I am perfect just the way I am.
I’m not smart enough.
I am too old.
It’s his fault.
I’m an idiot.
I am sexy and I know it
Ek Ong Kar. Sat Nam. Siri. Wahe Guru.
And when we say, think, or feel something over and over again, it enforces the pathway towards like action.
What I like about yoga mantra is that I can stay neutral with them. I don’t have to know what Ek Ong Kar means, and when I don’t know what it means, I am less likely to project my own stuff onto it and sabotage my efforts. I can simply say it over and over again and let it do its work.
Because of its power, mantra as a spiritual practice –spiritual meaning to know oneself- is an excellent way to reduce stress and anxiety and quiet the chattery monkey mind, which can help relieve insomnia or depression. It can open up the mind to see the gifts of life. It can bring a sense of abundance, calm, neutrality, oneness, self-empowerment, connection, and groundedness, as well as enhance creativity, spontaneity and love of life. Try it.
June 25, 2011 § Leave a comment
Yes, I’m doing it again. For only 40 days this time…
To those of you who are joining me, I am very excited to be doing this together! This kriya is quite special. I won’t say more. Below are instructions on how. I have taken this directly from the KRI International Teacher Training Manual Level 1 to ensure accuracy:
*Sit in rock pose. The heels are under the sitting bones. The knees are together.
*Stretch the arms over the head with elbows straight, until the arms hug the sides of the head.
*Interlace all the fingers except the index fingers. Men cross the right thumb over the left. Women cross the left thumb over the right.
*Begin to chant “Sat Naam” with a constant rhythm of about 8 times per 10 seconds. As you pull the navel in and up toward the spine, chant “sut” from the Navel Point. Feel it as a pressure from the 3rd Chakra center. With the sound “naam,” relax the belly.
During Sat Kriya we focus on the Navel Point motion. Pull it inward and slightly up as you say “sut.” Release it with “naam.” Continuing rhythmically, the root and diaphragm locks are automatically pulled. The steady waves of effort from the navel gradually enlist the movement of the greater abdomen, just as the small rhythmical ocean waves will gently rock a large boat. The force is through the navel but the two locks come along sympathetically. This natural pull of the two locks as we focus through the navel, creates a physiological balance. Blood pressure is maintained evenly.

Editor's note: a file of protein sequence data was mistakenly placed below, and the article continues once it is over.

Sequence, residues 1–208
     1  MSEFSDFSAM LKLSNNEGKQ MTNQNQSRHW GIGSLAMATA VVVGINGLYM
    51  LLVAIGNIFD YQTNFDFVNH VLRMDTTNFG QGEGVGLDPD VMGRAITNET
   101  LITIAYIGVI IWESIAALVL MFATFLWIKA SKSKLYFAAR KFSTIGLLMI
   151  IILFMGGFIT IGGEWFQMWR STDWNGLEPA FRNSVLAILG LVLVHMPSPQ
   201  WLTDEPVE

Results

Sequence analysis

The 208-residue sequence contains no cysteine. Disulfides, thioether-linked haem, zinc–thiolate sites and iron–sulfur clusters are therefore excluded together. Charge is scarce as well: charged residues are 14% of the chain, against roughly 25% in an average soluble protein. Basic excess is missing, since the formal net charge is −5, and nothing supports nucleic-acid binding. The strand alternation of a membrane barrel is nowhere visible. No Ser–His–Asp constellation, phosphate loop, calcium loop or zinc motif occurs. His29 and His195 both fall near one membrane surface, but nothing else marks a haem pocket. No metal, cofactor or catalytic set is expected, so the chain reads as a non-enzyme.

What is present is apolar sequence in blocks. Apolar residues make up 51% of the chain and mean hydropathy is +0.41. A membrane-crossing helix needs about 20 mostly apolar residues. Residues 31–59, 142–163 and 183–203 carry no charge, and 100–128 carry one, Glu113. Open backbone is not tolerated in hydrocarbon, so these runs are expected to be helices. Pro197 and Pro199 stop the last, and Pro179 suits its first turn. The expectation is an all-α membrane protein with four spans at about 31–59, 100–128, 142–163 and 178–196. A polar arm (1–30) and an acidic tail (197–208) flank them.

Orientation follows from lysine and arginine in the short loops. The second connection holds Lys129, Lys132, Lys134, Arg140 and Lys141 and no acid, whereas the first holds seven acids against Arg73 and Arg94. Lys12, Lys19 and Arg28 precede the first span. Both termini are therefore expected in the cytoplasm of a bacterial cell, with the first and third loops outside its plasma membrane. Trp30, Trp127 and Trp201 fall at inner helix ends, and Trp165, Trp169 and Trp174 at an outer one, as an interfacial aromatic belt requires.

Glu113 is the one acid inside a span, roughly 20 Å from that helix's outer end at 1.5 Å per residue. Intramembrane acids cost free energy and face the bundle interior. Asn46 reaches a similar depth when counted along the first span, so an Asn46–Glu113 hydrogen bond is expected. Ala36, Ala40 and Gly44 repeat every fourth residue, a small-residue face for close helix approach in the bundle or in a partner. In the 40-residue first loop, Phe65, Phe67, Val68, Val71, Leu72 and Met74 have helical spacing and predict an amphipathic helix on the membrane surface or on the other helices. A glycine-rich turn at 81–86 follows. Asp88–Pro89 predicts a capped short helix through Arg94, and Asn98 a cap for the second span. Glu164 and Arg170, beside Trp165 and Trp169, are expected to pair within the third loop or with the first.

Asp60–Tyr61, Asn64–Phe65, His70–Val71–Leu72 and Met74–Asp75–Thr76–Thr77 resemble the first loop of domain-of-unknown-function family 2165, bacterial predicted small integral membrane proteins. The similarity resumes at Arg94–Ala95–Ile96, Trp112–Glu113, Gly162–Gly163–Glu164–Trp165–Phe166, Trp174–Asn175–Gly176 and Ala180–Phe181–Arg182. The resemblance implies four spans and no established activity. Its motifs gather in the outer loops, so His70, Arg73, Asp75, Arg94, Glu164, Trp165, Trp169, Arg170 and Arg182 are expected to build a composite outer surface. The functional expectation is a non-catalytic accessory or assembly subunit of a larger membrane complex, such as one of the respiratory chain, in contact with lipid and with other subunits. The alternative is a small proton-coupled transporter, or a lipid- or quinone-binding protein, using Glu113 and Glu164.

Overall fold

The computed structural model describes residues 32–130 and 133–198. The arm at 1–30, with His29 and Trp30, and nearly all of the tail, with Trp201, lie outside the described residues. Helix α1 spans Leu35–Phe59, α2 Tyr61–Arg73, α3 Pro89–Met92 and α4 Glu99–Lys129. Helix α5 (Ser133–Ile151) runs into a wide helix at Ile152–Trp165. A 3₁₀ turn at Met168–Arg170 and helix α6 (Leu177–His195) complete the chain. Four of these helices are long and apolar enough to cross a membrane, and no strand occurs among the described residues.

Breath regulates itself- no breath focus is necessary.
The spine stays still and straight. The rhythmic contraction and relaxation produces waves of energy that circulate, energize, and heal the body. This is neither a spinal flex nor a pelvic thrust. Remain firmly seated on the heals throughout the motions of the kriya.
Continue for 3 to 31 minutes. [the majority of this group is doing this for 11 to 31 minutes. Know where you are on your journey.]
To end: inhale and gently squeeze the muscles from the buttocks all the way up along the spine. Hold it briefly as you concentrate on the area just above the top of the head. Then exhale completely. Inhale, exhale totally and hold the breath out as you apply a firm mahabandh [all the locks: root, diaphragm, neck]- contract the lower pelvis, lift the diaphragm, lock in the chin, and squeeze all the muscles from the buttocks up to the neck. Hold the breath out for 5 to 20 seconds according to your comfort and capacity. Inhale. Relax. If you practice this as a complete kriya in itself, the relaxation is ideally twice the length of time as you practice the Sat Kriya [at minimum, rest in savasana for equal time given for the kriya].
Any questions, contact me. Enjoy your journey! Sat Nam.